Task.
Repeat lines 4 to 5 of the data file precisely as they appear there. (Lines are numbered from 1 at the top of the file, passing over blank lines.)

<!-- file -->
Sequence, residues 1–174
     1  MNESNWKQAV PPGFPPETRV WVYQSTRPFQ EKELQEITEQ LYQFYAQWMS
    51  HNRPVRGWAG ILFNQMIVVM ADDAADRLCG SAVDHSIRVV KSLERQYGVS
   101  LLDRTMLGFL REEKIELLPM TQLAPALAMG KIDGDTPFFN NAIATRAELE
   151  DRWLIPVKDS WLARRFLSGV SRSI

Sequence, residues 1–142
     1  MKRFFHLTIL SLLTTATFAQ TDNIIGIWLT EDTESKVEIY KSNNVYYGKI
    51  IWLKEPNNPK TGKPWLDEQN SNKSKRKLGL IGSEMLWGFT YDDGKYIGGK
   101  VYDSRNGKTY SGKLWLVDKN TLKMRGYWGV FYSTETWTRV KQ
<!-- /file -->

   101  LLDRTMLGFL REEKIELLPM TQLAPALAMG KIDGDTPFFN NAIATRAELE
   151  DRWLIPVKDS WLARRFLSGV SRSI